Playing the Piano as a Spiritual Path

At age fifteen, I quit seven years of piano lessons, quit playing the piano, and heaved a sigh of relief. Maybe my mother had some regrets, but no one else. Ten years later in graduate school, I made it final and gave my music away to a friend — I was never going to play the piano again.

Who would have guessed that a grand piano and harpsichord would eventually fill my living room and that I would play almost every day until my back aches! Yet this is not the piano-playing of my youth. Some of the pieces are the same and my fingers may hit the same notes in the same order, but what I intend and experience at the keyboard is totally different.

It took me all these years to figure out what was most important in life, and to use the keyboard to practice — not just playing the piano, but living according to my highest values and purposes. Living this way is what I call following a spiritual path, and briefly it means for me to love, to learn, and to pour good energy into the world. How might I play this as a prayer?

In order to follow this path when I sit down at the keyboard, I must practice staying mindful of my purpose, the same purpose of loving, growing, and expressing that I have for all the rest of my life. So I play like I live — for the love of it. Not to “work up” or memorize a piece, not to play for others, but for the love of playing. This is my overriding value, the “bottom line” by which I make my choices at the keyboard: I intend to appreciate, delight in, love every moment from the time I open the instrument to the time I close it. Whatever I do or think, I do or think for that single purpose. I’ve learned a few rules of thumb that work to keep me on my path, and my major practice is to hold them in mind. Here they are:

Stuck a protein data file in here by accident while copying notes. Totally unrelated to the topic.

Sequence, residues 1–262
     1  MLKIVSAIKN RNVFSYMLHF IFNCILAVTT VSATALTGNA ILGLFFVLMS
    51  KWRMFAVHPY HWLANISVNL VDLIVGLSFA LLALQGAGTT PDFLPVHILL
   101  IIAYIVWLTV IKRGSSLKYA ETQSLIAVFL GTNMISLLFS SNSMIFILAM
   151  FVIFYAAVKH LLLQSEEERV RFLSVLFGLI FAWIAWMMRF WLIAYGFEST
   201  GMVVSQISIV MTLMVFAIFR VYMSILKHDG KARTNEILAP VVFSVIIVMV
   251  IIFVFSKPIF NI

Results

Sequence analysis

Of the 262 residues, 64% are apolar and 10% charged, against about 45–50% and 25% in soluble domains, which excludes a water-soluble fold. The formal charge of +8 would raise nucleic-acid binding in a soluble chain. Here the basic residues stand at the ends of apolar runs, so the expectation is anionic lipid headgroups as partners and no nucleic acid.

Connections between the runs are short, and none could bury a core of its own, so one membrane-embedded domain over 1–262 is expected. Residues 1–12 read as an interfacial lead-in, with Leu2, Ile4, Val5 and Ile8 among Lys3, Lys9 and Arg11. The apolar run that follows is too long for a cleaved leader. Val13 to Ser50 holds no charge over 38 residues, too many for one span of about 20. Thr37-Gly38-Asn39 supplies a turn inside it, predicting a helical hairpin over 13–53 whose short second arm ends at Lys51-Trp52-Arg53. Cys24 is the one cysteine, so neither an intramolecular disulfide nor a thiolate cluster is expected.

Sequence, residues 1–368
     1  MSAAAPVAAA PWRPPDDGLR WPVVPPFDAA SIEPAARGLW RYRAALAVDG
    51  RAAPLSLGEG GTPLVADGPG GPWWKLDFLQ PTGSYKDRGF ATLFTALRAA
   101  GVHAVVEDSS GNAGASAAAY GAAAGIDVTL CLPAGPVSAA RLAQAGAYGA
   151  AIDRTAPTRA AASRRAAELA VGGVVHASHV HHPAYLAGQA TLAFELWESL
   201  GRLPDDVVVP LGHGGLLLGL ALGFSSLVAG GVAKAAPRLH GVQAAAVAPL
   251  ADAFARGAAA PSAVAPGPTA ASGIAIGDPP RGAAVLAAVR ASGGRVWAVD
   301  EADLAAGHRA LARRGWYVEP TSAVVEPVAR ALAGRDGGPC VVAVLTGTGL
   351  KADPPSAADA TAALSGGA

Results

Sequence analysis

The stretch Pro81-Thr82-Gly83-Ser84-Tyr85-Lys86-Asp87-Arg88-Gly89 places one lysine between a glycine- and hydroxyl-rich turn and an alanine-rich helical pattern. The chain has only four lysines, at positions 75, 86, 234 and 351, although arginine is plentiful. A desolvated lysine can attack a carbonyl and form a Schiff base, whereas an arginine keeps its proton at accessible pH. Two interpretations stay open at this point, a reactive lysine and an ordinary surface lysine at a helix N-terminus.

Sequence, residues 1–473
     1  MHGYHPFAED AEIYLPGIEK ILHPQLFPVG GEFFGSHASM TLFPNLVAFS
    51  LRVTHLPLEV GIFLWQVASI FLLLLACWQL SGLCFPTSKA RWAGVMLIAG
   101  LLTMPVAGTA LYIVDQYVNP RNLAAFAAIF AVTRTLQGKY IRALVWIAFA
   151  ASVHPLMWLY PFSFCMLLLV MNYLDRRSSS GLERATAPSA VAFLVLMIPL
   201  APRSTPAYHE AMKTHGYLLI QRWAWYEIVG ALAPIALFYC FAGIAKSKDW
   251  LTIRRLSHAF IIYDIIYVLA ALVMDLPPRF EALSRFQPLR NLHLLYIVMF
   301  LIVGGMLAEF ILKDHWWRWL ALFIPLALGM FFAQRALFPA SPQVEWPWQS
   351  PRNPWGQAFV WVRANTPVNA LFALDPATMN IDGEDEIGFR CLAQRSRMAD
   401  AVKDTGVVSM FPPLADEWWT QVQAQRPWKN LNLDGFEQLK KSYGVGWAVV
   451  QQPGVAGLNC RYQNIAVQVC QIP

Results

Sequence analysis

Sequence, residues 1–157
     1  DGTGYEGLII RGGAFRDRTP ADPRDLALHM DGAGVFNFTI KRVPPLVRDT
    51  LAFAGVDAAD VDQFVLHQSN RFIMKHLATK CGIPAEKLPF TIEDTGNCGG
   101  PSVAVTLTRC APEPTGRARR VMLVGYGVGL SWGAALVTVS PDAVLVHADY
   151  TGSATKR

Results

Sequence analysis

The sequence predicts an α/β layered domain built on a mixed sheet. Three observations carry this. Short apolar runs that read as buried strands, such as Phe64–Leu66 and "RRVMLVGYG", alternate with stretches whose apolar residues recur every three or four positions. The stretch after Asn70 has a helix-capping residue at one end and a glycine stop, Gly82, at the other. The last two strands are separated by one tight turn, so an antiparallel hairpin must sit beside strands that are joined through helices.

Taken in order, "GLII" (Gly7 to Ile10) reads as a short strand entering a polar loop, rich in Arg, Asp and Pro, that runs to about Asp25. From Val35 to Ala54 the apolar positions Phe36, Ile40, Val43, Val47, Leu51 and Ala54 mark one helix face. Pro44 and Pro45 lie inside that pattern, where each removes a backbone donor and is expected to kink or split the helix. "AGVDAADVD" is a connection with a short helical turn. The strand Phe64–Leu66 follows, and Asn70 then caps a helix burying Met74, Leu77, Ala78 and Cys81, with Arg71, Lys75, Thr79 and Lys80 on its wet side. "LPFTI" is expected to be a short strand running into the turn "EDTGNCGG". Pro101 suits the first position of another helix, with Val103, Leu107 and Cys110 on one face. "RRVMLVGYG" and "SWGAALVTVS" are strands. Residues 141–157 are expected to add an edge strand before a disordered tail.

I sight-read lots of different pieces and come back to the ones that I like and that are technically within my reach. I’ve learned to keep my eyes almost always on the music rather than the keyboard because I can’t jump them back and forth between keys and score accurately and quickly. Thus I conceive and create the line of music from the printed score, rather than from alternately glancing at my hands and then trying to find my place in the music.

When I raise my hands, I relax and warm my fingers to caress the instrument. My fingers are not the “little hammers” that I was taught, but a part of me that touches the keys with love, the part that physically evokes emotion from the instrument, to which I listen with rapt attention.

I use the piece to feel, express, and hear the music I make at this moment, not to imitate the sound some professional pianist put onto a record or “the way the composer intended.” Renditions I may have heard, and even tempo, phrasing, and loudness markings on the score are simply suggestions for me to use as I wish. They just guide and motivate me to play it the unique way I am playing it. A critic might call my playing too slow or too hammy, but I’m not playing for a critic. I’m playing for me, for the depth of my experience.